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This question has been answered, and points have been awarded.
Examples Of Value Propositions - Good, Bad & Ugly
2/19/2004 at 6:32 PM ET
I am looking for examples of Value Propositions used by companies for their products or services, with a brief anecdotal (or researched!) explanation of whether they are successful, or not, with perceptions or opinions of the reasons for their success (or otherwise).
I would like to use these as case study material to show examples of Value Propositions that have worked, those that haven't, and to try to draw out some of the reasons why.
The ultimate aim is to assist businesses to develop their own Value Propositions that are lucid, executable, and hold up in the marketplace, so they have a good chance of success.
What other factors do you think may be important to support a strong Value Proposition?
2/19/2004 at 11:42 PM
Check out this article on this site.
2/19/2004 at 11:58 PM
You can look at my VP, I don't know if it is G,B, or U, but that's why I'm here to learn how to do it better.
So far my clients seem to agree with my value proposition as being lucid (easy to understand), executable (I deliver what it says), and offers a differentiation in the market that sets me apart from my local competitors.
2/19/2004 at 11:59 PM
What's worked (some of these may be more positioning messages than value propositions, but the concepts are related):
Walmart - everyday low prices
BMW - the ultimate driving machine
7up - the uncola
McDonald's - consistency
Domino's pizza - fast delivery
Google - fast, extensive searches
Avis - we try harder
Nearly every dot com
Most companies that try to occupy a middle position (not a quality or cost leader) never develop clear value propositions.
What makes a value proposition work (in my opinion):
1) Having a tangible difference in a characteristic of your product or service...one that actually matters to your customers. For example, you could have a restaurant whose value proposition is unique food, and they only serve meals dyed blue. Do the restaurant have a clear value proposition? Sort of. Would you eat there? 'Nuff said.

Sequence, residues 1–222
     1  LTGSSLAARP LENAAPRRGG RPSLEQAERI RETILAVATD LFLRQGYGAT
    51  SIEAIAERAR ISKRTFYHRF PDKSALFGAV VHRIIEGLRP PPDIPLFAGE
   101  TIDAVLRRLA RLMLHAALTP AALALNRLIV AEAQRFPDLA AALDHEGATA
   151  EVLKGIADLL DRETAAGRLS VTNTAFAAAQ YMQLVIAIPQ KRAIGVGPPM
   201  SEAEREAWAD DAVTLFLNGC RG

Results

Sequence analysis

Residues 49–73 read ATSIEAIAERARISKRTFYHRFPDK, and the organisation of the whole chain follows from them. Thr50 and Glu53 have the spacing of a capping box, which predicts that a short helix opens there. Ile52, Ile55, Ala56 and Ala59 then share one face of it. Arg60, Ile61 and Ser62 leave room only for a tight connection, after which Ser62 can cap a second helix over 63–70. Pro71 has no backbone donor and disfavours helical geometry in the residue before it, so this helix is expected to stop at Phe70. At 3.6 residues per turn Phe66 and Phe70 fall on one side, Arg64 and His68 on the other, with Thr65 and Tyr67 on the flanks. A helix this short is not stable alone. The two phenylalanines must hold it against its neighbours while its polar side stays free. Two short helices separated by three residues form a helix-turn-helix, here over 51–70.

Most often a real value proposition comes from:
a) Better process (Walmart)
b) Better people (McKinsey & Company)
c) Better raw materials (luxury food items)
d) Scarcity (diamonds)
Interestingly enough, most value propositions usually promise better value, better quality and/or better service, but you can't use any of these terms to define your value proposition.
2) Being extremely focused in the market you serve. A value proposition is a double edged sword. IT shows what differentiates your services, but it also limits the market you serve. Many companies are unwilling or afraid to let go of part of the market, and therefore choose value messages that have little or no meaning. This is particularly true of small businesses in highly competitive industries.
3) Having a tangible way to prove your value. For example, Walmart became the low price leader as a direct result of their information systems and invenyory management procedures.
4) Having laser-beam like focus and consistency in living and promoting your value. Disney maybe the perfect example of a company that has lost its value proposition. They used to be the owners of family fun, but now they are a muddled mess.
5) I also think it helps to keep the message simple.
Hope you find these opinions helpful!
2/24/2004 at 8:32 PM
Thanks everyone, some excellent answers here.
Particularly valued the comments about strategy alignment and confusion with differentiation or positioning. I think this is the key - otherwise the VP becomes merely sloganism.
Aligned strategy ensures the VP is deliverable at all levels of the organisation. Great input, thanks all.
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